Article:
At the beginning of the pandemic, a stimulus package of 50 bn$ was widely credited for Bolsonaro’s popularity and for boosting the economy. However, the president continued to dismiss and even mock health measures, while strongly questioning official statistics. He incited public disrespect of curfews and fired those who did not agree with him, such as the health minister.

Now, there is a new smaller stimulus package on its way. The package enables Bolsonaro’s administration to relaunch a cash transfer scheme to the nation’s poorest during the next four months, while limiting the impact on fiscal accounts, since investors are worried with debt rising above 90% of GDP. There are, nonetheless, questions as to whether they will be able to keep people from hunger.

IV. A Never-equal society and a Never-prioritized Environment

Bolsonaro’s mandate is full of controversies created by strong statements of the president against the LGBTQ+ community, black minorities, and women. His promise to make “Brazil safe for all its people” might not be real after all, as, socially, he turned out to be polarising, and excluding minorities. In addition, Bolsonaro and his government’s denialism of climate change remains unchanged. As widespread fires hit the Amazon forest last summer, the president intends to exploit deforested lands, rather than preserve them, which will severely affect indigenous communities.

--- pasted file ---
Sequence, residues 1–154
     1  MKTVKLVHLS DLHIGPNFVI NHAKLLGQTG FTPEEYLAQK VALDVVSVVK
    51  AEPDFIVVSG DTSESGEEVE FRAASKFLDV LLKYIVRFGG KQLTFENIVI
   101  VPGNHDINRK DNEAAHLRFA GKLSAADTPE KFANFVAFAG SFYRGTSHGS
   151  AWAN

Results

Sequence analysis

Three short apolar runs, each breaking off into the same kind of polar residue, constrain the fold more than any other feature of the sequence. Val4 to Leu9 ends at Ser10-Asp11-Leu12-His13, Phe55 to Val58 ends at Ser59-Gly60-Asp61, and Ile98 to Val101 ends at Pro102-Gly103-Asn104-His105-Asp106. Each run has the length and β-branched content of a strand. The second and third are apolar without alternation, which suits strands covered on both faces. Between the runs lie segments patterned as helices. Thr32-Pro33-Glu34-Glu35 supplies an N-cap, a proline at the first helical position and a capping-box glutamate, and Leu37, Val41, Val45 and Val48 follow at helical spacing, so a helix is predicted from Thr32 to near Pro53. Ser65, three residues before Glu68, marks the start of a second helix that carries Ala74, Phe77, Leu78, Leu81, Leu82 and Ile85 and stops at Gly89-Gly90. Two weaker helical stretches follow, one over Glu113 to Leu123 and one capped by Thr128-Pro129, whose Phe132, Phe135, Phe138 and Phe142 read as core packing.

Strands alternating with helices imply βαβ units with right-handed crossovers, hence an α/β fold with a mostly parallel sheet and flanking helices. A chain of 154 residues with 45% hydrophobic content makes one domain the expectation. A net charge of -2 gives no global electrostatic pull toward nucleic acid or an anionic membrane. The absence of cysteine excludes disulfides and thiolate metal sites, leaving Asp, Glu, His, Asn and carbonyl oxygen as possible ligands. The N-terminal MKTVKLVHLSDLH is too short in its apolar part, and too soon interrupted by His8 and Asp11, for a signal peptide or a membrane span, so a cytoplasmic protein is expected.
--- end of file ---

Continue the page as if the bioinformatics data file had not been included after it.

Brazil: A Never-united country?

Source: LatinAmercian Post, A country divided in two by Bolsonaro

As the 2022 presidential elections draw ever closer, it seems the division that plagued the country four years ago has only deepened. Despite unfulfilled promises and mismanagement of the ongoing health crisis, Bolsonaro has managed to maintain a significant following.

New developments have seemed, albeit, to undermine his re-election campaign. Former president Lula da Silva has been released by the supreme court of justice, which decided to overturn graft convictions. While the decision has yet to be finalized, it has set the scene for a contest between opposite sides of the political spectrum in next year’s presidential race.

As the emerging candidate once said, “We all know that, all over the world, never did the workers’ win a single thing without fighting, without perseverance.” It remains to be seen who the nation will be fighting for.

Sources: BBC, Britannica, CSIS, Financial Times, Folha de S.Paulo, Forbes, the Guardian, Latin America Reports, Open Democracy, Vox, FRED, Human Rights Watch, Abc News

Afonso Monteiro

Pedro Estorninho

Maria Mendes